Previous expansion attempts

This isn’t the first time Seattle attempted to secure an NHL expansion team — it’s just the first time it’s been successful.

In June 1974, the NHL announced that a Seattle group led by lawyer Vince Abbey had been awarded an expansion team that was set to begin play during the 1976-77 season. In order to finalize the team, Abbey and his group needed to pay a $180,000 deposit at the end of 1975 and pay a total franchise fee of $6 million. Abbey also had to repurchase shares in the Totems.

When Abbey missed several deadlines, the NHL threatened to remove the franchise. The Totems folded after the 1974-75 season, which left Seattle without a hockey team for the first time in 20 years. Abbey then attempted to purchase the California Seals — an NHL team that competed from 1967 to 1976— but failed. As a result, the NHL removed the expansion franchise from Seattle.

A second attempt to secure an expansion team was made in 1990. If a group was willing to meet the $50 million asking price, then-Seattle SuperSonics owner Barry Ackerly said he would submit an expansion application as part of a new proposed arena deal. A team led by Microsoft executive Chris Larson and former Seattle Totems turned coach Bill MacFarland showed interest.

But the push for an expansion team stalled. Back then, MacFarland told The News Tribune that Ackerley unexpectedly pulled the application while the group was in Florida to meet with the NHL. MacFarland said he and Larson were under the impression they were there to file a formal application. Ackerley told The News Tribune he believed the money wasn’t there.

“We didn’t want to damage our name and reputation with the NHL by offering up something that would be unacceptable to them,” Ackerley said then. “We went to Florida with the intent of pulling the application. We just felt it wasn’t going to happen financially.”

Ackerly withdrew his application in December 1990, telling the NHL he was unable to find an ownership group willing to meeting the asking price.

MacFarland said both he and Larson were “floored.”

“We couldn’t believe it,” MacFarland told the Seattle P-I. “Why were we here? How could they sit with us and not tell us what they were going to do?”

The league added teams in two cities — Ottawa and Tampa — that were willing pay the amount. At the time, a $50 million expansion fee was more than the value of any NHL team.

Seattle Thunderbirds

The Seattle Thunderbirds, who are based in Kent and play in the accesso ShoWare Center, are part of the U.S. Division of the Western Conference in the Western Hockey League.

In 1977, the team moved from British Columbia to Seattle and became the Seattle Breakers. The Breakers, who played in the Seattle Center Ice Arena, existed for eight seasons and finished with a record of 225-319-32.

The Breakers were sold to new owners after the 1984-85 season and were renamed the Seattle Thunderbirds. Glen Goodall joined the team during the 1986-87 season and remained through 1990. He still holds Thunderbirds’ records in goals, assists and points and his jersey is the only one retired by the team.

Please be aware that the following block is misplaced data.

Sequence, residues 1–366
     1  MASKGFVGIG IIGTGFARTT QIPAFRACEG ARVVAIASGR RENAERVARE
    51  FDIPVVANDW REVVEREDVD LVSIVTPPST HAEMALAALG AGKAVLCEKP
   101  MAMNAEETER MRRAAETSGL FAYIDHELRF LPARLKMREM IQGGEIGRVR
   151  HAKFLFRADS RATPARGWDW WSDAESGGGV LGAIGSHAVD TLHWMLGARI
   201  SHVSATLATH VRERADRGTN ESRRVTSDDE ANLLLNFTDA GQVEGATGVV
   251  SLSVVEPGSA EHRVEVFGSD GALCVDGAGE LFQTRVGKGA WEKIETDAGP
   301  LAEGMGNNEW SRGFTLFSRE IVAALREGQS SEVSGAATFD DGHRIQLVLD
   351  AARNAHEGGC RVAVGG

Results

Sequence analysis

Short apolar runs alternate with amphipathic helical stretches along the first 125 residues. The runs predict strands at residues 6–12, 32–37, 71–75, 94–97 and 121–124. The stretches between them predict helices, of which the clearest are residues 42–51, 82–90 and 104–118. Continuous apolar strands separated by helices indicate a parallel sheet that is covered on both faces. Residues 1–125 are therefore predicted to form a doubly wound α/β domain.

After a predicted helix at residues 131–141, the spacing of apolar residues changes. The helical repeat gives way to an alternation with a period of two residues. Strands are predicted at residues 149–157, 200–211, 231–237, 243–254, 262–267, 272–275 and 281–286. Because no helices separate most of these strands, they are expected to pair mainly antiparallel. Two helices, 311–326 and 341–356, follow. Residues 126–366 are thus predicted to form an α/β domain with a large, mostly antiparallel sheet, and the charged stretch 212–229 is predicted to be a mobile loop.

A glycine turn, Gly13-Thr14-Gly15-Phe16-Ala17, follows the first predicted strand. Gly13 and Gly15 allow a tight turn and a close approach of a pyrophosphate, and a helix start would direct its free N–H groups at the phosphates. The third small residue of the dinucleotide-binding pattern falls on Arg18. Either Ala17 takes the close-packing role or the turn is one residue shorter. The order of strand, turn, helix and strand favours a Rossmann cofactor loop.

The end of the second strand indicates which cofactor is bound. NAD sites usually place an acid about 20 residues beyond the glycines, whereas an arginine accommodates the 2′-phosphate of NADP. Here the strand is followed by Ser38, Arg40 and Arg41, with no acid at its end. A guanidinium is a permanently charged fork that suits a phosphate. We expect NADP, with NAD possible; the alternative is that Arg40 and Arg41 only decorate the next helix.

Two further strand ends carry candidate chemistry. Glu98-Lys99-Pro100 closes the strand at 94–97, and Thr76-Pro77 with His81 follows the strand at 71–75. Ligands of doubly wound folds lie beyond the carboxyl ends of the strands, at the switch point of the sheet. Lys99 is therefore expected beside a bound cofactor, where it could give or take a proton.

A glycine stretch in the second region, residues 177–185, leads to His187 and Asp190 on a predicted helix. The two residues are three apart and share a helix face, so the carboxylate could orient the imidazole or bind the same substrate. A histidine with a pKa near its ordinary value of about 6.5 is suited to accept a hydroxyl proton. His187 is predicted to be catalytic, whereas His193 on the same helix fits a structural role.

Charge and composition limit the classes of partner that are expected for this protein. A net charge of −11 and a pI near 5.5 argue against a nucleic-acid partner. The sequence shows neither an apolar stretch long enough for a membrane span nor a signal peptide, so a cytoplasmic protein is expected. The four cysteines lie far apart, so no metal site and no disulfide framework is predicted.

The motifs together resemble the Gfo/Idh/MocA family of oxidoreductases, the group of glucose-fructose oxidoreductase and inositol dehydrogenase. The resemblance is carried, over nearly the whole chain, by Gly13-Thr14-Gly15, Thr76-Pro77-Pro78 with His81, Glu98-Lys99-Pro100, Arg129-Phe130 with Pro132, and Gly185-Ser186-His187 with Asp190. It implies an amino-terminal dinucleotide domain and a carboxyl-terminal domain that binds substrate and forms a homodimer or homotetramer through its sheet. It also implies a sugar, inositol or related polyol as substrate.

“Glen was a fierce competitor,” former Portland Winterhawks star Dennis Holland told NHL to Seattle. “A guy that I loved playing against and we had some great battles. He was very dangerous off the rush with speed and skill. I had lots of respect for him coming into the league at 14, something I know I couldn’t have done.”

At just 14-years-old, Goodall was invited to Seattle’s camp with the chance to make the team. The plan was for him to play in 15 games, but he performed so well that he remained for the full season and spent six more years in Seattle.

“I remember driving into Seattle, in those days we were right downtown, it was something else,” Goodall told NHL to Seattle. “I loved it. I look back on my career and I say this many times, Seattle was the best time of my career. I just loved it.”

In 1989-90, the Thunderbirds enjoyed the best regular season in franchise history. They finished 52-17-3 and ranked No. 1. Due to an increase in popularity, they began playing home games in the Seattle Center Coliseum, which frequently sold out despite holding nearly 12,000 people. The Thunderbirds fell in the division finals.

The Thunderbirds finished the 2016-17 season with the second-most wins in team history (46) and went on to win their first league title, beating the Regina Pats 4-2 in the championship series.

Thunderbird players reacted to the addition of an NHL team shortly after the Kraken announced their name and logo.

“I think it is going to promote hockey all over Washington, especially in the youth,” Thunderbird forward MeKai Sanders, who is from Gig Harbor, told 710 ESPN Seattle. “Being from Washington myself, I am super excited to have a local NHL team to root for.”

Said defenseman Cade McNelly: “Judging by the City of Seattle, there will be so much support from the city for this team. All in all, I’m pretty pumped and excited that Seattle officially has an NHL team and it’s something we can look forward to for hockey being great here.”

Everett Silvertips

The Everett Silvertips are a member of the U.S. Division of the Western Conference of the Western Hockey League. Evertt was awarded conditional approval for an expansion franchise in 2021.

The team joined the WHL for the 2003-04 season and broke a number of junior hockey team records for an expansion team in its first year.

The Silvertips, who play at Angel of the Winds Arena, twice played for WHL titles. They lost the championship series to Medicine Hat (4-0) in 2003-04 and Swift Current (4-2) in 2017-18.

Former Silvertips general manager Garry Davidson told Q13 Fox in August 2020 that the addition of the Kraken would be “a great scenario of everyone involved in hockey.”

“We’re gonna see more ice surfaces develop,” Davison said. “More players develop. So I think it’s just a win-win for everybody.”